I can eat nuts but to a limited extent. It doesn't necessarily have low protein but since it's not animal-based, it's technically not against my diet. I especially eat it whenever someone asks me, out of kindness. Apart from that, though, I don't eat nuts, legumes etc for fun.

I think my mother adjusted her diet also while nursing me.

wearer_of_boxers11 karma

I have to take in "pre-digested" protein so that my body doesn't have to do the work and fail miserably

is that like.. like how birds feed their young?

MutatedAlgorithm12 karma

I chuckled a bit, but yes, exactly.

purrson11 karma

Non health related question maybe you can explain:

My company has an office in Turkey. When we tell the Turks “no” about something, they take it as “try harder” and won’t stop arguing the point.

Is this because I work with assholes, or is this a Turkish thing?

MutatedAlgorithm22 karma

Turks are a bit stubborn, yes. Unlike Europeans, it's okay for them to act like anybody they see on the road is their friend, and act very sincerely. I find Europeans very cold and insincere. But some people may exclusively be assholes on top of that, I don't know. Or else, I can say that it's a basic cultural clash.

BiologicalWizard8 karma

I used to work for BioMarin. They have a couple cutting edge treatments that can be heavily subsidized for folks outside the US. Have you tried getting in contact with them?

MutatedAlgorithm4 karma

No, should I?

cr1zzl7 karma

How were doctors able to find out so early? Did something happen that prompted them to do the test or is this a regular thing that all babies are tested for?

I can only imagine what it’s like to have to restrict your diet so much and constantly be afraid of developing a mental illness. Has your concern/anxiety/worry gone down now that you’re older? Will there ever be a point (like maybe when you’re 50 or something) that you’ll be able to eat meat?

Thanks for sharing with us. I’d never heard of this condition before.

MutatedAlgorithm12 karma

This is a regular thing that all babies are tested for. My anxiety has never died down, and the disorder itself isn't the problem, but its psychological implications. It causes me to be socially awkward, but I'm trying to overcome it. It's interesting that this social awkwardness and introvercy is only seen in me in the entire PKU community, so it has nothing to do with the disorder. I think my psychology got affected by multiple factors, but I can't discuss everything here. I think this anxiety is dying down as I "grow out" of the disorder.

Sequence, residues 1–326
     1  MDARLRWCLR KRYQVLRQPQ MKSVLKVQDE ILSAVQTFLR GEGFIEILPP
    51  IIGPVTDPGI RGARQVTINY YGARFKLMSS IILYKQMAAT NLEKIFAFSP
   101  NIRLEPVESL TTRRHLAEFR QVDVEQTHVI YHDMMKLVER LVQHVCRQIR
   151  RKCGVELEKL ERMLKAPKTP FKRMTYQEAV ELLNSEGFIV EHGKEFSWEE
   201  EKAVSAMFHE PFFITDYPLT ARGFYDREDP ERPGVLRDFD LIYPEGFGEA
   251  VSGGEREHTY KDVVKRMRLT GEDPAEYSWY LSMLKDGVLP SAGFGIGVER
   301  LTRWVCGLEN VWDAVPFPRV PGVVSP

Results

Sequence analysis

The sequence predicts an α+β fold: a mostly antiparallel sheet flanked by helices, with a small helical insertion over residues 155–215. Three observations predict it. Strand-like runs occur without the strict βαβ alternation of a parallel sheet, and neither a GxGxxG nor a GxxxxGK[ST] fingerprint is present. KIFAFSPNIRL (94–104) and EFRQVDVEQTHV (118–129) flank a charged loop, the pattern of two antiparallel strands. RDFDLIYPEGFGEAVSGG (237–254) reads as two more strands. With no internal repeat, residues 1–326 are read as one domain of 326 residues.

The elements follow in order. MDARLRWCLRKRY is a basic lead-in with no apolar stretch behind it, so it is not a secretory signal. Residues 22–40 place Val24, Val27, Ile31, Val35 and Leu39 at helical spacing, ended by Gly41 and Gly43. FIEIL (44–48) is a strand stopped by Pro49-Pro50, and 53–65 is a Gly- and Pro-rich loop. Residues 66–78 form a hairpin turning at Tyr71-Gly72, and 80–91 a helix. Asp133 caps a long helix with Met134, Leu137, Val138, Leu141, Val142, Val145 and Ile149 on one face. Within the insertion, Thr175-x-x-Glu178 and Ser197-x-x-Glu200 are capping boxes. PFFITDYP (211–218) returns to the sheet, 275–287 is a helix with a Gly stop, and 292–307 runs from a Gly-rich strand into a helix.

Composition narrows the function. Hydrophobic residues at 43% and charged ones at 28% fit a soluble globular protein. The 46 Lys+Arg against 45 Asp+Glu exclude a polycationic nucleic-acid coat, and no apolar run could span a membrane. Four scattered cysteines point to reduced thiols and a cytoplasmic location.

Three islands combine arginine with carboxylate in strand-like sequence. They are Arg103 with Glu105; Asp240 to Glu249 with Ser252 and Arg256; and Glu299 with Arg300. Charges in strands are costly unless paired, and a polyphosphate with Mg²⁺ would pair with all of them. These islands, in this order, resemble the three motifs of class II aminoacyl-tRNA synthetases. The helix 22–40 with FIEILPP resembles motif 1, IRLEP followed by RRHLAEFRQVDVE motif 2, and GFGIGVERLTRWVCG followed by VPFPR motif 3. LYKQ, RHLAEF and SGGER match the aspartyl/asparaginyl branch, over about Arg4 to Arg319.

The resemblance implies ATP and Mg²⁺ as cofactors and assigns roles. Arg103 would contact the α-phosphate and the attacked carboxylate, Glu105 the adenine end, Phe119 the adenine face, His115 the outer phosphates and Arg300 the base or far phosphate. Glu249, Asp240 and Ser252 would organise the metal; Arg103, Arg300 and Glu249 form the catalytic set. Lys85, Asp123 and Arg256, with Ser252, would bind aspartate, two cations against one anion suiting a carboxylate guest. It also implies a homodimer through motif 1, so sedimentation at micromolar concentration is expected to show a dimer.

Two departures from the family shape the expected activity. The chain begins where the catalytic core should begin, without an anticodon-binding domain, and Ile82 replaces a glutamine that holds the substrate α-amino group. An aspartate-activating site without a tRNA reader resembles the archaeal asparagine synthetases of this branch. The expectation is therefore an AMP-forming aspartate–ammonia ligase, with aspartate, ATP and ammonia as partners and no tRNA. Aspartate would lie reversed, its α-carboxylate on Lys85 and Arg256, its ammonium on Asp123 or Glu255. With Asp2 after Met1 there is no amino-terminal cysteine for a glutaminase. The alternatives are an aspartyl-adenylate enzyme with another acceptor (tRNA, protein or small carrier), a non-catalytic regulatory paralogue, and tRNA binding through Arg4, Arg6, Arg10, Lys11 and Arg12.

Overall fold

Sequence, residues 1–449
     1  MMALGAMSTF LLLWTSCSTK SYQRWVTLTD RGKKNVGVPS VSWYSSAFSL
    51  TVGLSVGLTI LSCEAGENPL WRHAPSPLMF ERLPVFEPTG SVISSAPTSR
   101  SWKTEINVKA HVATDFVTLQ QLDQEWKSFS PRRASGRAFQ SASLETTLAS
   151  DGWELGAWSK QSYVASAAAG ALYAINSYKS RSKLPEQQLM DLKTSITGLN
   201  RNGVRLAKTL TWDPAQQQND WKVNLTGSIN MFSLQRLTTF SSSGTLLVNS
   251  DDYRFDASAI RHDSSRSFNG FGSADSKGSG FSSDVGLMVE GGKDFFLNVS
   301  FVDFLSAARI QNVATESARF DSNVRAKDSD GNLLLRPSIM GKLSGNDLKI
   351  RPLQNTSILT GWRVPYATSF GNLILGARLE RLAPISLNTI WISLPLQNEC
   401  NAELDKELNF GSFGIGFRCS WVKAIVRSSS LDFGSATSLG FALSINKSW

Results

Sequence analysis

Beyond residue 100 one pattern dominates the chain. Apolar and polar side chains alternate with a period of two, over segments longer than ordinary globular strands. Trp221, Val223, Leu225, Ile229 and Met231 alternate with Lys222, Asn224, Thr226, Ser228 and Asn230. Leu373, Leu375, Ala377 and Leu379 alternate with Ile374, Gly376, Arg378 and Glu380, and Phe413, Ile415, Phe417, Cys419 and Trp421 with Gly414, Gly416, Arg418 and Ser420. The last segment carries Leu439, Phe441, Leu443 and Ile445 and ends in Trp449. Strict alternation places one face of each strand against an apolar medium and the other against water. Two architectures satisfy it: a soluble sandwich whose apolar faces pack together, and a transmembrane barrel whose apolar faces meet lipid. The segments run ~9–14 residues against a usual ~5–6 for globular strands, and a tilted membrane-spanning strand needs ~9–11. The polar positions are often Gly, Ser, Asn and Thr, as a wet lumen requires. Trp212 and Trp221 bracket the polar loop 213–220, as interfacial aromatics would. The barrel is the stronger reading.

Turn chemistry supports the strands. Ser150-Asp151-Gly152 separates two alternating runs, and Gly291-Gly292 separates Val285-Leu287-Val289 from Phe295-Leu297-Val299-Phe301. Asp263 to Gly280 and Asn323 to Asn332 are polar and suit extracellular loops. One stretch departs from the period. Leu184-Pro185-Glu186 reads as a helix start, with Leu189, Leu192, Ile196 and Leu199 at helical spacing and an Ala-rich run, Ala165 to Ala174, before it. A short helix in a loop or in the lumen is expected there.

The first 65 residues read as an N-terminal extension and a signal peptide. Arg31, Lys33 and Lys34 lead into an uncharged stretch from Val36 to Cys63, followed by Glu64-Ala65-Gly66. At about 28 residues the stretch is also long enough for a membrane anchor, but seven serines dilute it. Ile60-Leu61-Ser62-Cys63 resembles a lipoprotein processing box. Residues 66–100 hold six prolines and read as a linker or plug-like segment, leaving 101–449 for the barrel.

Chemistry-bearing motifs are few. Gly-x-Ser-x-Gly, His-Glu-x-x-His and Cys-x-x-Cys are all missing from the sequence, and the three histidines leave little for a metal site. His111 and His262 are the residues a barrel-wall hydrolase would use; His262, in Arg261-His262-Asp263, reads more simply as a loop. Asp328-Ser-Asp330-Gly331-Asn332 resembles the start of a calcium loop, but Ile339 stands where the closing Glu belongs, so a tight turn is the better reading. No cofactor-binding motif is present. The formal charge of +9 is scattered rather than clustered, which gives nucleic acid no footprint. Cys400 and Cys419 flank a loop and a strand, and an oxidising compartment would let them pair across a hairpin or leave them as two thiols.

At 50, when I have accomplished everything and hit the golden ages, I may say "Fuck it!" and eat meat. But the effect stays the same after the end of brain development. So eating meat at 30 and 50 has the same effects.

duduorion7 karma

Hi There, Fellow PKU carrier here. I'm 38 male living in California. My younger brother and I have PKU but my older does not. Came here to say that if you follow diet through adolescence after your brain is developed you don't have to worry about losing IQ or retardation nearly as much as when you are young and developing. Just stay on the diet and you're fine. Sounds like you're doing great. When I was younger and in elementary School in the late 80s being vegan was not really a thing so it was tougher with the kids at school sometimes. But anyways, keep it up! Also, not sure if you know this but gene replacement therapy is here for pku and they are entering human trials with many drug companies competing to the finish line. My Dr. says not yet but around 5 years from now PKU will be cured with a simple one time injection that replaces the gene. Future generations will not have PKU as long as this therapy is made available. Pretty cool right?!

MutatedAlgorithm6 karma

That's cool!

austinmiles6 karma

Two of my cousins that i grew up next door to have PKU. I’m always surprised how so few people know about it considering it’s literally the first test they run on all newborns.